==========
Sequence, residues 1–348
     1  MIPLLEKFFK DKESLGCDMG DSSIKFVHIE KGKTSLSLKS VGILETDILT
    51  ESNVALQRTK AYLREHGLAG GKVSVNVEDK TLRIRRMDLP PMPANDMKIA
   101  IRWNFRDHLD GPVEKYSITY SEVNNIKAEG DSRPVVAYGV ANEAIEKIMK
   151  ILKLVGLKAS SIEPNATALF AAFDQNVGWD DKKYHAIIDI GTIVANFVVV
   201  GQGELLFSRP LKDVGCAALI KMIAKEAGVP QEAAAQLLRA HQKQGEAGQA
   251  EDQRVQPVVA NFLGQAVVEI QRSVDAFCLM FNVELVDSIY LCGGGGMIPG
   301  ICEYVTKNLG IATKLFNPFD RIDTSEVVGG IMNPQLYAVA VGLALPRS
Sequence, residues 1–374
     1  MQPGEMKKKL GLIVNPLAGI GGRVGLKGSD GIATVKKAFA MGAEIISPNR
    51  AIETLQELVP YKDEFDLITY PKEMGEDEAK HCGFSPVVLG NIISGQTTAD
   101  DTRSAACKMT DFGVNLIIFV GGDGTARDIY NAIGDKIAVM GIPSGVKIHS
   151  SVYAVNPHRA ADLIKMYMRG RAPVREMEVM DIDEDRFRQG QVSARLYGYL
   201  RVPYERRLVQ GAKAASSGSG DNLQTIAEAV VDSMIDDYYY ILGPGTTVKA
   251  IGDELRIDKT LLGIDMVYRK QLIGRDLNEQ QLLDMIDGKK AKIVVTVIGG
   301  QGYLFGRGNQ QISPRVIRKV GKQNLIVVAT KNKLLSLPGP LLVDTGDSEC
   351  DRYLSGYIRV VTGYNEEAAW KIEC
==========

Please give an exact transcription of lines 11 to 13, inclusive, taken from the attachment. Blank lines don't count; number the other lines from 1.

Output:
    51  AIETLQELVP YKDEFDLITY PKEMGEDEAK HCGFSPVVLG NIISGQTTAD
   101  DTRSAACKMT DFGVNLIIFV GGDGTARDIY NAIGDKIAVM GIPSGVKIHS
   151  SVYAVNPHRA ADLIKMYMRG RAPVREMEVM DIDEDRFRQG QVSARLYGYL